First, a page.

The other mic looks a lot like the MKH 20.  I've used the high frequency directionality to advantage with an MKH based native array, though to be clear I was setting out to do so. 
Mics: DPA 4060 w/MPS 6030 PSU/DAD6001/DAD4099, Neumann KM 131, KMR 81i, Oktava MK 012, Sennheiser MKH 105, MKH 20, MKH 30, MKH 40, MKH 800 TWIN, lots of other studio appropriate choices
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Offline heathen

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Re: Comparing OctoMic's Polar Patterns to the World's Best Mono Mics
« Reply #5 on: July 23, 2020, 02:23:45 PM »
If it is the MKH 20 then I think I would quibble with saying it's used by many tapers here.

Why not tell us what mic the other graph is from?  Inquiring minds want to know  ;D


It's the Schoeps MK5.
« Last Edit: July 23, 2020, 02:35:20 PM by heathen »
Mics: AT4050ST | AT4031 | AT853 (C/SC) | Line Audio CM3 | Sennheiser e614 | Sennheiser MKE2 | DPA 4061 | CA-14 omni Pres: CA9200 | DPA d:vice Decks: Zoom F8 | Roland R-05

Offline Len Moskowitz (Core Sound)

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Re: Comparing OctoMic's Polar Patterns to the World's Best Mono Mics
« Reply #6 on: July 23, 2020, 03:41:35 PM »
Not trying to be contrarian here, just keeping it real.  Rather than straight omni and bi-directional patterns, I'd expect the off-axis behavior of cardioid range patterns to be where significant differences might be found,

Did you want to see the two cardioid polars?

Also, keep in mind that OctoMic offers all of the excellent first-order and second-order patterns simultaneously, as many as you please, and each pointed in whatever direction you please, all defined in post.

A mono mic is one pattern pointed in one direction.
« Last Edit: July 23, 2020, 03:44:28 PM by Len Moskowitz (Core Sound) »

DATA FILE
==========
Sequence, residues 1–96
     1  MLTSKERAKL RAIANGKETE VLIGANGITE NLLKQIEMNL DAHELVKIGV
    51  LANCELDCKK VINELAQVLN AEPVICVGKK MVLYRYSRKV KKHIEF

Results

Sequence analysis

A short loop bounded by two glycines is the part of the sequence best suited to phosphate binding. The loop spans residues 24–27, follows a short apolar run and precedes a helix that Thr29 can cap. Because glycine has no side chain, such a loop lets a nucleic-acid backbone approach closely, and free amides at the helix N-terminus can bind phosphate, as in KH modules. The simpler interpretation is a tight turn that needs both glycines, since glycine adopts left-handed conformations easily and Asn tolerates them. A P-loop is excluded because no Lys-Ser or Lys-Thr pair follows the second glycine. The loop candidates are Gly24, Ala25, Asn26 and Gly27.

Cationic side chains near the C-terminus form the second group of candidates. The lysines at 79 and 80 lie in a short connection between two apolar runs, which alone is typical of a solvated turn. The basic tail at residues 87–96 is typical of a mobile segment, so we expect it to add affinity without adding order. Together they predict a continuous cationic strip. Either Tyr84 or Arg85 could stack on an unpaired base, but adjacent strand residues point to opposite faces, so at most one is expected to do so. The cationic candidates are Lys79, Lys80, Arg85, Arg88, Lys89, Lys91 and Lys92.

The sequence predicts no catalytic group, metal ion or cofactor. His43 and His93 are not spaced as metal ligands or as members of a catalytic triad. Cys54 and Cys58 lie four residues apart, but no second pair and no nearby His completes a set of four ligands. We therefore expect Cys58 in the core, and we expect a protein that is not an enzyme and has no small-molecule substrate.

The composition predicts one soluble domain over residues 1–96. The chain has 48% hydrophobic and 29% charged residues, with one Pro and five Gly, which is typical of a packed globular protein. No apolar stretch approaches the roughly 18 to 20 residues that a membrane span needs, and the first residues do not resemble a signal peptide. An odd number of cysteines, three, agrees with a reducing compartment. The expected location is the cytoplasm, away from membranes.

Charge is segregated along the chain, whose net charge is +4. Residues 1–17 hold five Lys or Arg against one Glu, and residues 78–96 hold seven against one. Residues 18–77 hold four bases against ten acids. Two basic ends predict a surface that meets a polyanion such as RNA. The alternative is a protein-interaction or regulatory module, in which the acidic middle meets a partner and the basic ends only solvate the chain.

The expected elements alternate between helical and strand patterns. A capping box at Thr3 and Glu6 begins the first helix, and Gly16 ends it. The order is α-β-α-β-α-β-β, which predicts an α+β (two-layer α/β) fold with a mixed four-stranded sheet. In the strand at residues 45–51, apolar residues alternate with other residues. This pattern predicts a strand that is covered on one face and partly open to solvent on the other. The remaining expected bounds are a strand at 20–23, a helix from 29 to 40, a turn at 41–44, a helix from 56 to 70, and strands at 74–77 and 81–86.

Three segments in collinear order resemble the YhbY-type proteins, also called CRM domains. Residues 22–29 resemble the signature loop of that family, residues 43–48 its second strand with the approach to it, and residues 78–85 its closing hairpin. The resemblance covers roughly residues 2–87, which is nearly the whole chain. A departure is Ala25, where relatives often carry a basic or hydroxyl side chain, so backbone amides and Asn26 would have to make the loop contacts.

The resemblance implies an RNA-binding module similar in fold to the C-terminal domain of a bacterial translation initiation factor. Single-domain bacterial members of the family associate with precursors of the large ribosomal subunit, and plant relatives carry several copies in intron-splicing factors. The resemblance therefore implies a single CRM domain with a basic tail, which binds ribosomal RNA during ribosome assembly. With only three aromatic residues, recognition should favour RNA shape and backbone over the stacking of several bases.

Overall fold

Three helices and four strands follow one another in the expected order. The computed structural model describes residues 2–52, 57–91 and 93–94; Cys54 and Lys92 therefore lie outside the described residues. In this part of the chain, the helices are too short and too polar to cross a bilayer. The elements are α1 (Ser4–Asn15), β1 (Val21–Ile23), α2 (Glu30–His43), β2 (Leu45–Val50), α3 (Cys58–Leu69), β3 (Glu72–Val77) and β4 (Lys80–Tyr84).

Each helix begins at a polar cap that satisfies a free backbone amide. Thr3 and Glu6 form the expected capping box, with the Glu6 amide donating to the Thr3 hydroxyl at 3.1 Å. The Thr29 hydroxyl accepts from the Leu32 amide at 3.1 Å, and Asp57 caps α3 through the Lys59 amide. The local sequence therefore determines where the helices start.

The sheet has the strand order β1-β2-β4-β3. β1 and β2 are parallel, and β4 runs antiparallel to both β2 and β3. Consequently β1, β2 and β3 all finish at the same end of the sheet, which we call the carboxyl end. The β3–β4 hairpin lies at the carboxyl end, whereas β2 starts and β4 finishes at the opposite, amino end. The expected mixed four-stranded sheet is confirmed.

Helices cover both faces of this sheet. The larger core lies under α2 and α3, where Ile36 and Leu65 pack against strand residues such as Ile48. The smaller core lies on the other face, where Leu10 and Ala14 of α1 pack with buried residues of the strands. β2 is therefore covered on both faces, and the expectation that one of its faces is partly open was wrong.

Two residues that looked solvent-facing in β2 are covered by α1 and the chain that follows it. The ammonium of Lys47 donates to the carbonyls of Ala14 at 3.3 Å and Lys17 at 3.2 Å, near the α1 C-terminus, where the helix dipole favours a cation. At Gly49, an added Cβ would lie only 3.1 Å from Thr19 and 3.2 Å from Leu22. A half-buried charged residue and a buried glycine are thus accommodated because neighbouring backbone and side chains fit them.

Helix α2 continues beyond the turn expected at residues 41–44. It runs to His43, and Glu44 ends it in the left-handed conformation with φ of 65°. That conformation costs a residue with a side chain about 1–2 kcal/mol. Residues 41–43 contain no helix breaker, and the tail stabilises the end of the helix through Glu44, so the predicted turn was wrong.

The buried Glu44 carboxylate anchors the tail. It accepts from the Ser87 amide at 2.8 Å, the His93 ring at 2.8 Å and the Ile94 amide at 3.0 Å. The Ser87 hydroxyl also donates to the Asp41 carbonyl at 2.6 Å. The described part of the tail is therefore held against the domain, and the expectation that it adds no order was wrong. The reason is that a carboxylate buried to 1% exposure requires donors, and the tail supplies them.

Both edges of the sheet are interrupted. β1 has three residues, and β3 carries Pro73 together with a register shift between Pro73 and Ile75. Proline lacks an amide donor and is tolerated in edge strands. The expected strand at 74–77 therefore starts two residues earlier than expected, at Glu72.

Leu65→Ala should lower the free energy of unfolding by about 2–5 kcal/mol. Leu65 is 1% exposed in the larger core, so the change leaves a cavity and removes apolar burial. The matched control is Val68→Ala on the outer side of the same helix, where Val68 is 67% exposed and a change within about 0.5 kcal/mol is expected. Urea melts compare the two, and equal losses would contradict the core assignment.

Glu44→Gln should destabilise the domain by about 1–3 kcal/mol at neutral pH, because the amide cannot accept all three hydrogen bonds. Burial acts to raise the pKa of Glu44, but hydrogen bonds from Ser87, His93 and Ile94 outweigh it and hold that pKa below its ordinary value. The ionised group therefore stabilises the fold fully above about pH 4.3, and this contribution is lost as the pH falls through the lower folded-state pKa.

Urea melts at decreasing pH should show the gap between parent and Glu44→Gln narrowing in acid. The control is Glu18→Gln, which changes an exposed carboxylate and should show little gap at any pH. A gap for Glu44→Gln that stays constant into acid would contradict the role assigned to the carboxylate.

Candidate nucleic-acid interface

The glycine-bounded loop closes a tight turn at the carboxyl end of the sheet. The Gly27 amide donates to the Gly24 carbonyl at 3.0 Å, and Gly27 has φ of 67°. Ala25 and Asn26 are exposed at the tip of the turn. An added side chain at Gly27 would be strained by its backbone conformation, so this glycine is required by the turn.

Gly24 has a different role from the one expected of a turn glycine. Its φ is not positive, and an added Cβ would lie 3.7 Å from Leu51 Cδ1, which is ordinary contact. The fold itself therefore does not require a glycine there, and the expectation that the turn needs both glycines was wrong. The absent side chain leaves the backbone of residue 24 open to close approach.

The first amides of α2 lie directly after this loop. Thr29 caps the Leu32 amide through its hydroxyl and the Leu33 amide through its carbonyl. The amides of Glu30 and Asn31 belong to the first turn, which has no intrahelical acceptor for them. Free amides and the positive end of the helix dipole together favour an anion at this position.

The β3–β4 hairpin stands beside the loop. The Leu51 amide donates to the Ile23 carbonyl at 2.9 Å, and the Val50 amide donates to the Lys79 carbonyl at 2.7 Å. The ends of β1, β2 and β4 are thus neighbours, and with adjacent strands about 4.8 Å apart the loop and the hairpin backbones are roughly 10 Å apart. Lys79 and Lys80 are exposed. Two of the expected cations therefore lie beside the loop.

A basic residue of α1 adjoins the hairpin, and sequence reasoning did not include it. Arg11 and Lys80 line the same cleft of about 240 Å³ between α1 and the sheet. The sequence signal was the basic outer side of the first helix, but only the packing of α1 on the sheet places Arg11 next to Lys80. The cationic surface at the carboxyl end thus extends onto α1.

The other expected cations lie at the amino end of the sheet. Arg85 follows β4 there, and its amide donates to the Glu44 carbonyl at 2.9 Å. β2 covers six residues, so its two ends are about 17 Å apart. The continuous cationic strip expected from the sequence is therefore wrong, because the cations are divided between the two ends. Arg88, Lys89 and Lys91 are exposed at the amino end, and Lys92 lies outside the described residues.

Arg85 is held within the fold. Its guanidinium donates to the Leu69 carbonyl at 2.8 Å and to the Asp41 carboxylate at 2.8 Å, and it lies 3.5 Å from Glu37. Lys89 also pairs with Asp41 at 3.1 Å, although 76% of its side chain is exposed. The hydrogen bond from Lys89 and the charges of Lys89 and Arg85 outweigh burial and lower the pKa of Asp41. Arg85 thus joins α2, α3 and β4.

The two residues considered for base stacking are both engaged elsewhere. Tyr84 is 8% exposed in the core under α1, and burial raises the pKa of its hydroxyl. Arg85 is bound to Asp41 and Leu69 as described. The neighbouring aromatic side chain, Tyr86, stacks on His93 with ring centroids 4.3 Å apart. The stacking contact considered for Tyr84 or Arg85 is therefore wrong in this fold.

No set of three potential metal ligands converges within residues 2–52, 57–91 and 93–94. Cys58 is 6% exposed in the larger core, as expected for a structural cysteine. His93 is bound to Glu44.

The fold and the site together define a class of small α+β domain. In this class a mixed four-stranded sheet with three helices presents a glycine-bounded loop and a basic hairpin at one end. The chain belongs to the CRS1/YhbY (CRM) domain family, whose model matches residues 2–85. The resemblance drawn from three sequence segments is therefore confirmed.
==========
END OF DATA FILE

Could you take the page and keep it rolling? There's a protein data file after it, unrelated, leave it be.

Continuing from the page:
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Offline Gutbucket

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Re: Comparing OctoMic's Polar Patterns to the World's Best Mono Mics
« Reply #7 on: July 23, 2020, 04:00:34 PM »
I think that's likely to be a more useful comparison for most folks here, as long as the basis of comparison is equivalent (similar measurement methodology, polar resolution, frequency points, smoothing, etc)
« Last Edit: July 23, 2020, 04:37:08 PM by Gutbucket »
musical volition > vibrations > voltages > numeric values > voltages > vibrations> virtual teleportation time-machine experience
Better recording made easy - >>Improved PAS table<< | Made excellent- >>click here to download the Oddball Microphone Technique illustrated PDF booklet<<

Offline Gutbucket

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Re: Comparing OctoMic's Polar Patterns to the World's Best Mono Mics
« Reply #8 on: July 23, 2020, 04:35:39 PM »
Is there a simple path with ambisonics to model the changing directionality with frequency for various patterns, if desired?  Just thinking out loud.  I'm sure it CAN be done, just whether the 'convenience' tools are there.

Can be done.  Schoeps Polar Flex like.  I've thought much about that for use with TetraMic and wish that functionality was included in the included VVMic conversion/polar-manipulation software.. most useful placed there for the convenience factor as you mention because one does not have to convert to B-format first to play around with listening and tweaking and direct stereo output from the raw A-format files.  I've not searched to find whatever 3rd party ambisonic tools are available to do this after conversion to universal B-format.